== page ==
Funeral code breached

Wairoa’s sole service ‘acted unprofessionally’.

Wairoa’s sole service ‘acted unprofessionally’.

WAIROA funeral director Allan Pickering has been ordered to refund a family 75 percent of his service fee and is under 12 months supervision by the Funeral Directors Association of New Zealand (FDANZ) for breaching their codes of conduct.

The Baty family of Wairoa say it is a closure they have been waiting for — 16 months after the death of their mother.

Dolores Baty, 88, died on October 24, 2014. She had eight children.

Eldest daughter Kitty Turner said their mother had a wonderful life and a beautiful, peaceful death surrounded by those who loved and adored her.

It was what happened next that left them “shocked”.

From the initial phone call through to the cremation, Mrs Turner said she and her family found Allan Pickering Funeral Services unprofessional and lacking in respect for their loss.

In December 2014, they wrote to the FDANZ with 16 issues where they felt Mr Pickering had acted unprofessionally and broken codes of conduct.

Mr Pickering was given the opportunity to respond to these points, and he started by way of an apology.

“I am sorry. I feel embarrassed and regretful that my services provided you with a negative funeral experience,” he wrote.

“I can assure you this was never my intention. I would like to inform you that because of this letter we have implemented several changes to our funeral business operations, which hopefully will lead to a more positive funeral experience for future clients.”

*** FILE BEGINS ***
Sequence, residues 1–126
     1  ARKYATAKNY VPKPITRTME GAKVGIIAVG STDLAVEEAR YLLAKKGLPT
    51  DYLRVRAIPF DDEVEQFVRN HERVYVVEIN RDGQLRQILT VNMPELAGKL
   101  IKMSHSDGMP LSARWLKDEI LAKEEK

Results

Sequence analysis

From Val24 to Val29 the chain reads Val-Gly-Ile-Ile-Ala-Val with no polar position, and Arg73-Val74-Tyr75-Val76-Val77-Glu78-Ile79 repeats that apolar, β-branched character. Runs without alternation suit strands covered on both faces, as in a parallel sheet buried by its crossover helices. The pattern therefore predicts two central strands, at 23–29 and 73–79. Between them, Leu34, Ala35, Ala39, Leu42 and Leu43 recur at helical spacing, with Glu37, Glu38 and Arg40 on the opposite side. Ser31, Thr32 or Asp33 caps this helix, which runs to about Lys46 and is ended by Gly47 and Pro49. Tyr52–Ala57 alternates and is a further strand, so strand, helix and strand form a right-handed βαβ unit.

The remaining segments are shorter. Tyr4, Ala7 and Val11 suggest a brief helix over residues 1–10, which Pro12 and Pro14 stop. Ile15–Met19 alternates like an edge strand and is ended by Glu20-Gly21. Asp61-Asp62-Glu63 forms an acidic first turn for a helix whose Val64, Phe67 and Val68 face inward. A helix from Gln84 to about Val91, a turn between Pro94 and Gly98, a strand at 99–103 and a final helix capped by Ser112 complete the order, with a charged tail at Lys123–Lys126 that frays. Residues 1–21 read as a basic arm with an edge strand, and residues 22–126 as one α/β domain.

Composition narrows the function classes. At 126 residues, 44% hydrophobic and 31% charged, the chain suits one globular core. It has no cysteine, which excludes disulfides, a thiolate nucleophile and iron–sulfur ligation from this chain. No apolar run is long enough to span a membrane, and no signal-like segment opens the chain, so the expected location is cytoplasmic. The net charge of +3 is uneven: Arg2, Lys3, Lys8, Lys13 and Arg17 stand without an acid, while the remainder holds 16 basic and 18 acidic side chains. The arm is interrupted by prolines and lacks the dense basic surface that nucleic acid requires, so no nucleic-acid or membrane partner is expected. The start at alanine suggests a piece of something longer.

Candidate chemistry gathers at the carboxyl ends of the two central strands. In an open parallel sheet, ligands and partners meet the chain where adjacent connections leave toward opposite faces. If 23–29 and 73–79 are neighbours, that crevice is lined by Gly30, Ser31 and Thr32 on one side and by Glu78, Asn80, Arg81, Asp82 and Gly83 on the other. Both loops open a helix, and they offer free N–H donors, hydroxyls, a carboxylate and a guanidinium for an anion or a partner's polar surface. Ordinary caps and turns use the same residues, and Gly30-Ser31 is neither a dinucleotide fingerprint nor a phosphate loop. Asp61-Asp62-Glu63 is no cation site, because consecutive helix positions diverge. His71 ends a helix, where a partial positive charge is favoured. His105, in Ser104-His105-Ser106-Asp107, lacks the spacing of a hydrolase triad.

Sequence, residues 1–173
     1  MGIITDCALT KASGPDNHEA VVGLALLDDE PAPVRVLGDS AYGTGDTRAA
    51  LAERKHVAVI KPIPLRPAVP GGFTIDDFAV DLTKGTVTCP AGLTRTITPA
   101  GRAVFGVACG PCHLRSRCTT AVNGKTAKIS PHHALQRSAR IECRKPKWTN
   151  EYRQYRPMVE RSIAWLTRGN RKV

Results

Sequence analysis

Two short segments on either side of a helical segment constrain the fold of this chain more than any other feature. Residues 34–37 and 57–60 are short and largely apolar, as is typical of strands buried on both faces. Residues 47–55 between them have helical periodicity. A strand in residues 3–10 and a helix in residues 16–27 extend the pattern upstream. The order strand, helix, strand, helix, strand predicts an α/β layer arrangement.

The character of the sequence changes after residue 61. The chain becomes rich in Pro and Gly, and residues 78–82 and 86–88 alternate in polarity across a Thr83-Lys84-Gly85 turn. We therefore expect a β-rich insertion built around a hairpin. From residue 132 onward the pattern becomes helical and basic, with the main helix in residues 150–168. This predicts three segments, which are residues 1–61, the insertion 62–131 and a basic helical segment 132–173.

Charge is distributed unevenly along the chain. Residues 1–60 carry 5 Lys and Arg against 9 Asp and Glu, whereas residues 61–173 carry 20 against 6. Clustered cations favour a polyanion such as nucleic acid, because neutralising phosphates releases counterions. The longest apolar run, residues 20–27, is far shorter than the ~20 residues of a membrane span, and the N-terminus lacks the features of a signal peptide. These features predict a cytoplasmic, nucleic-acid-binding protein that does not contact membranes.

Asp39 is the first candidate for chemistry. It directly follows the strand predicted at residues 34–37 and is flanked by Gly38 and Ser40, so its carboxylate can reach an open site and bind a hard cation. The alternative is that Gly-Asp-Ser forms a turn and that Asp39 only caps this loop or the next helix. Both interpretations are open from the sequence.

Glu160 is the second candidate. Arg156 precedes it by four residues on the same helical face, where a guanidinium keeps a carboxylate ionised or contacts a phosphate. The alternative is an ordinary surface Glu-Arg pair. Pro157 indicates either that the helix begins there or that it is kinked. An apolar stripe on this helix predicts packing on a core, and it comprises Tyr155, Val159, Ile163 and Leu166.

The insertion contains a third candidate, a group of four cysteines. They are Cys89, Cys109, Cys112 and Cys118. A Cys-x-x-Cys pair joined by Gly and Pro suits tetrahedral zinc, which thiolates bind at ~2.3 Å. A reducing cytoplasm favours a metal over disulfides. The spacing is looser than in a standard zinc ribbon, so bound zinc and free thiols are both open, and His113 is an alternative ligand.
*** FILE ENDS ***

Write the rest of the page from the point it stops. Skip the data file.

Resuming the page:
Mr Pickering said he had taken the findings of the review into consideration and reviewed his processes to continue to reflect best practice in delivering funeral services to the families of the district.

In July 2015, the FDANZ upheld the Baty family’s claims and stated the key problem in the case “was around poor communication”.

The findings said that the late Mrs Baty’s dignity was not protected and “care of the deceased and dignity and respect are at the core of funeral service, and must be protected at all times”.

The FDANZ Board recommended 12 months of supervision, additional support to Pickering Funeral Directors and a premises inspection.

FDANZ also recommended a senior funeral director from a neighbouring town assist and provide guidance to help Mr Pickering update his policies and procedures. Mr Pickering is the only funeral director in Wairoa.

The Baty family took the matter further and went to the Disputes Tribunal in October 2015. They did not feel Mr Pickering had provided reasonable care and skill in his services, as required under the Consumer Guarantees Act 1993.

The Disputes Tribunal agreed. Last month Mr Pickering was ordered to refund the family $1575, which was 75 percent of his $2100 professional fees.

A shocking experience

The Wairoa family are relieved to finally have closure on their mother’s death but say the experience was “shocking”.

Mr Pickering has written two letters of apology. He refutes many of the claims made by the Baty family but has also promised to change the way he does things to prevent further incidents happening again.